- An encampment with a teepee and tents sprang up on Riverview Road in 1998. (Photo: Courtesy of Oak Folk Films)
Indeed, as part of MnDOT environmental impact assessment process, a hearing was convened to determine if a portion of the re-route site, a historic area known as Camp Coldwater, had sacred significance to Indian people.Â
“Those were amazing,” Levine recalled about the hearings. “First we couldn’t get the Natives to bite; then all of a sudden it happened — Native elders came from all over the country to testify. And the testimony was so strong. It was just a privilege to be there and listen to them.”
But having a secular bureaucracy — the agency charged with highway construction — judge the validity of Indian spiritual viewpoints seems like an exercise in futility.
However, Levine recalls that she was hopeful about the outcome. She figured: “People were going to hear this and they’re going to stop. It felt real. Then, in the film I say, that incredible experience was considered an appendix to the report that found that the land was not sacred.”
Although the Indians asserted that they had a sacred attachment to Coldwater Spring, which provided water for the first European settlers at Fort Snelling (then called Fort Anthony), the defenders of the land sought for a new highway were swept away in a series of raids. In the waning days of Gov. Arne Carlson’s administration, Camp Two Pines was cleared out in a massive predawn police raid on Dec. 22 — reporters were kept at bay, so there were no witnesses to the alleged police brutality inflicted on the activists. Several dozen more activists were arrested the following year, when MnDOT contractors moved in to saw down the Four Sacred Oaks that were being protected from the Hwy. 55 re-route.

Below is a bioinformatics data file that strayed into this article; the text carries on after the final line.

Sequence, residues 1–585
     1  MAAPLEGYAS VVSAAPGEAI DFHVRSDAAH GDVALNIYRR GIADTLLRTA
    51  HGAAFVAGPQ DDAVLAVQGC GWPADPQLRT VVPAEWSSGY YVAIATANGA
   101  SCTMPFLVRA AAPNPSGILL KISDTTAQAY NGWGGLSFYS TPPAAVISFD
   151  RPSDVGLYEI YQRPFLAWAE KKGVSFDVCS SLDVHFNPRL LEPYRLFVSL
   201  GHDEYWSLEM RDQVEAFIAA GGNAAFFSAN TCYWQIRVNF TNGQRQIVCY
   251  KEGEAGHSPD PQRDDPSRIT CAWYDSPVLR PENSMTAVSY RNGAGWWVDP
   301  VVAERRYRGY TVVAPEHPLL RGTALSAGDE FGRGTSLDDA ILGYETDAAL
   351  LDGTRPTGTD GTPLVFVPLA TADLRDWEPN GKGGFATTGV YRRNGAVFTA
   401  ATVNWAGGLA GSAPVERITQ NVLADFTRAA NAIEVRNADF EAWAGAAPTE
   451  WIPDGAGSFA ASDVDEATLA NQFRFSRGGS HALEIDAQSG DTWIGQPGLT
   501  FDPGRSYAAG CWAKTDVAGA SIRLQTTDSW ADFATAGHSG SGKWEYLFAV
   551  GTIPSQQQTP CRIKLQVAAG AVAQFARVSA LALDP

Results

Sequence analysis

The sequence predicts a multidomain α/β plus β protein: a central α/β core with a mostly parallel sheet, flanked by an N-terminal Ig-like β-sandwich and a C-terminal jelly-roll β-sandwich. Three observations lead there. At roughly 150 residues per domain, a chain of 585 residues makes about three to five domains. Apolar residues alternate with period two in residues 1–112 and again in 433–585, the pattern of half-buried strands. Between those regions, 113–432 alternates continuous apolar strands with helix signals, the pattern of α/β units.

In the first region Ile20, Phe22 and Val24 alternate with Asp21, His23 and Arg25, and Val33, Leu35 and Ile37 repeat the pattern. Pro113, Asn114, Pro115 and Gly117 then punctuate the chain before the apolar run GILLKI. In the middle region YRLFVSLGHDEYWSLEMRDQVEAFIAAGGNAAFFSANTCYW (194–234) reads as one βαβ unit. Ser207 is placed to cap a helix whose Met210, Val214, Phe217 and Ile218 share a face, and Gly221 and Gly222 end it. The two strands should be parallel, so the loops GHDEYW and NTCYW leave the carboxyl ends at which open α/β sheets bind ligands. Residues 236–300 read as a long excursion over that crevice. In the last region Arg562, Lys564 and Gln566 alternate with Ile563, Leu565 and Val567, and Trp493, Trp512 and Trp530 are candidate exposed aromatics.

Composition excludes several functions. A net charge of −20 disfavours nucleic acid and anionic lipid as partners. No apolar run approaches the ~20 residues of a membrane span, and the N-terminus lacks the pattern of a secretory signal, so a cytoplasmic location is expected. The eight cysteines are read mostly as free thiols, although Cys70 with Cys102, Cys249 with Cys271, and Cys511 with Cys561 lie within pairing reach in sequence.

Stop the Re-Route is an exemplary documentary of contemporary history. It boasts excellent production values, a cast of engaging and profound characters, and ample humor.
“There were big highs and big lows,” Levine recalled about her days in the stop the re-route struggle. She mentioned that in the film an activist named Solstice summed up the consensus feeling that MnDOT and the authorities would prevail.
“It became harder and harder and harder to do it with your whole heart,” said Levine, “because you saw that it was coming to an end: They were going to take the trees, they were going to put the road through, there was going to be that steamrolling over people’s needs, and the bad guys were going to win. I mean that’s how it felt… and then again, we had a huge political presence after that.”
Levine is now a DFL delegate in Minneapolis — and she remembers the politicians who were on the wrong side of the re-route issue. Ten years later, they will still be called to account for their past deeds by the defenders of Camp Two Pines.
Stop the Re-Route: Taking a Stand on Sacred Land will be shown 2 p.m. Saturday, March 21 at the Walker Art Center, as part of the Women with Vision 2009 series. Director Ann Follett will introduce the film.
The community premiere of the film will take place 7 p.m. Saturday, March 28 in the auditorium at Roosevelt High School, 4029 28th Ave. S., Minneapolis. Tickets are $5.